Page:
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Utility scams to avoid
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Security & privacy

Energy and power company warning: 3 signs you’re talking to a scammer

We’re so reliant on our devices that the thought of losing power is scarier than ever. Facing the prospect of having the electricity cut off, people act swiftly when a problem arises.

Frantic calls to your utility company can usually sort it out, but what happens when they know nothing about your situation? Tap or click here for frightening utility scam red flags.

Scammers are experts at sounding official and will use all the tricks to scam you out of hard-earned money. Unfortunately, it’s an ever-growing problem, and utility companies are trying to warn customers. Read on for how these scams work, what to listen for and what you can do about them.

Here’s the backstory

Most utility scams start the same way — a phone call from someone who pretends to work for the electric company. While the approach and conversation might differ, it all comes down to paying up or getting cut off.

Scammers claim your electrical bill is in arrears, that you short-paid for a few months or that an administrative error sent you the wrong statement. Then, using forceful language, the caller insists that you’ll lose power if you don’t pay within the next few minutes.

That is one of the first signs you are dealing with a scammer. No utility company will call you with the threat of immediate disconnection if you don’t pay right away. According to the FTC, “these scammers want to scare you into paying before you have time to confirm what they’re telling you.”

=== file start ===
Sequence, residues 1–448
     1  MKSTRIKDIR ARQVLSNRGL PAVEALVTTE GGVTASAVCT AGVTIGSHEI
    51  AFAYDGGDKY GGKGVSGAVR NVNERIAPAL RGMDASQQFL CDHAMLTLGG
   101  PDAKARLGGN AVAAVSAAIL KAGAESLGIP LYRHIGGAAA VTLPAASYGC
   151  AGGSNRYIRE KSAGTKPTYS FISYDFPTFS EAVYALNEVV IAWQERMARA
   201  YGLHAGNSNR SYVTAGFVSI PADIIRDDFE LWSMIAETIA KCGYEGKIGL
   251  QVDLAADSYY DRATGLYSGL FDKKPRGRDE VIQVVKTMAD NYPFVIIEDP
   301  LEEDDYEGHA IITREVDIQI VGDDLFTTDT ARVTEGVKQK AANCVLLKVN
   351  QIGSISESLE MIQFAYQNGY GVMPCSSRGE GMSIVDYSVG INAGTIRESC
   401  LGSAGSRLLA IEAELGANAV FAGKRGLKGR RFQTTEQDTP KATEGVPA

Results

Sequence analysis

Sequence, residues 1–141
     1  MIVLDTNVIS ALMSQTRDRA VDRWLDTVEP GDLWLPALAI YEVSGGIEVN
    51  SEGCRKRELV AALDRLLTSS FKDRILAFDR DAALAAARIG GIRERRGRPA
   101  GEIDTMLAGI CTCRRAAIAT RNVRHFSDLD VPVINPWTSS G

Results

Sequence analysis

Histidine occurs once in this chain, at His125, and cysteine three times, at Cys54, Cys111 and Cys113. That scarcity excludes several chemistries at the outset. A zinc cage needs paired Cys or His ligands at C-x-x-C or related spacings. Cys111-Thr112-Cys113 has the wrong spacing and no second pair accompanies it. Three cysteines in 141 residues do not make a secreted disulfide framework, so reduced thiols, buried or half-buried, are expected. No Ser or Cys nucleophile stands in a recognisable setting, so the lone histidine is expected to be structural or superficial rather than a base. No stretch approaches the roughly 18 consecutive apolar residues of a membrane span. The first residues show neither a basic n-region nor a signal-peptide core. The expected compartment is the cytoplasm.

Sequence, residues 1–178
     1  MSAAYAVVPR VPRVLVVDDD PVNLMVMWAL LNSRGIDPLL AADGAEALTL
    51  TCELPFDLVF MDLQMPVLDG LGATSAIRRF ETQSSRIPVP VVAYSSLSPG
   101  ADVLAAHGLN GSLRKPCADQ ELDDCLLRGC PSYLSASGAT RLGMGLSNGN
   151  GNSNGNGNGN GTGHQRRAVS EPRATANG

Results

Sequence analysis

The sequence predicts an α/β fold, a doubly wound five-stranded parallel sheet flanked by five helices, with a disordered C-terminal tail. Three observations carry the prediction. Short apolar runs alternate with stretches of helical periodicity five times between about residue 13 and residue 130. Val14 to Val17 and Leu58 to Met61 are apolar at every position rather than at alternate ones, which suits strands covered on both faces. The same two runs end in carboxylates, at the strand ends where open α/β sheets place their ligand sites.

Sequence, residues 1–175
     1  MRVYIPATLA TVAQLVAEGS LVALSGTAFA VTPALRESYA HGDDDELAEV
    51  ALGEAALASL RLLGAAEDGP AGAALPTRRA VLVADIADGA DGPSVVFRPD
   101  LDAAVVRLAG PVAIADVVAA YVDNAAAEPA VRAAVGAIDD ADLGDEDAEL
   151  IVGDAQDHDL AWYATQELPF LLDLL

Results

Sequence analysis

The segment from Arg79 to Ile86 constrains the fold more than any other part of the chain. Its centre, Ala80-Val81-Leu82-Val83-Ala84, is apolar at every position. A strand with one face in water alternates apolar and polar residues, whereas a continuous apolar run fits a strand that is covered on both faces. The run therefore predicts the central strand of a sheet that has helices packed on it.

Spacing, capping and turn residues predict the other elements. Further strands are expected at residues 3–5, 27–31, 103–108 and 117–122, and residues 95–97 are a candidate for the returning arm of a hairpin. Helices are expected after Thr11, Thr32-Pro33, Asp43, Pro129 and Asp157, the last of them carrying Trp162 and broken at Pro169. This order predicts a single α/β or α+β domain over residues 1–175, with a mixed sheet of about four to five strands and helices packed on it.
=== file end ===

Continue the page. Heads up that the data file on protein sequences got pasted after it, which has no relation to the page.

What to look out for

Let’s say you tell the caller that you’re familiar with paying bills and will do so through your account or online payment system after confirming the problem. Sounds brilliant, right? But that’s usually where things escalate.

The scammer will now try to convince you that other payment options are much faster, again dangling the threat of being cut off.

If that isn’t enough proof, here are three signs that you are dealing with a scammer:

  1. The scammer insists that you pay through Zelle or untraditional payment methods. They might even convince you that paying with gift cards or cryptocurrency is acceptable.
  2. The caller will always give a sense of urgency. If you don’t pay within the next few minutes, your electricity will be cut off immediately. Scammers often call closer to the weekend, reminding potential victims that they’ll have to wait until Monday for a reconnection.
  3. Be careful when answering the door. If the doorbell rings and a utility worker wants to do an energy audit, it’s probably a scam. Unsolicited audits are becoming more common, but your utility company won’t just show up at your door. It’s something that you must request, and scammers will charge you an excessive amount as a “consultation fee.” 

What you can do about it

While it’s seemingly easy to spot a scammer, many still fall victim to criminal activities. In addition to the three points above, there are other things that you can do to stay safe.

  1. If a scammer approaches you, report it immediately to the FTC through ReportFraud.ftc.gov.
  2. When the phone rings and you suspect it to be a scammer, hang up immediately. If you are still unsure, don’t call the number back. Instead, phone your utility company using the number on your bill or its official website.
  3. After hanging up on the scammer, add the number to your phone’s block list so they can’t phone you again.
  4. If a supposed utility worker shows up at your front door, politely decline their offer of an energy audit. They might be insistent on completing the job. In that case, ask for official identification. If they can’t produce it, decline again and close the door. If they hand you identification, call your utility company (from the number on your bill) and ask if a worker is in your neighborhood.
  5. Scammers might also claim that you owe the utility company money. Again, the best way to verify this is to call your power company and double-check the details. Your utility company might also send you bills over email or have a website where you can check.

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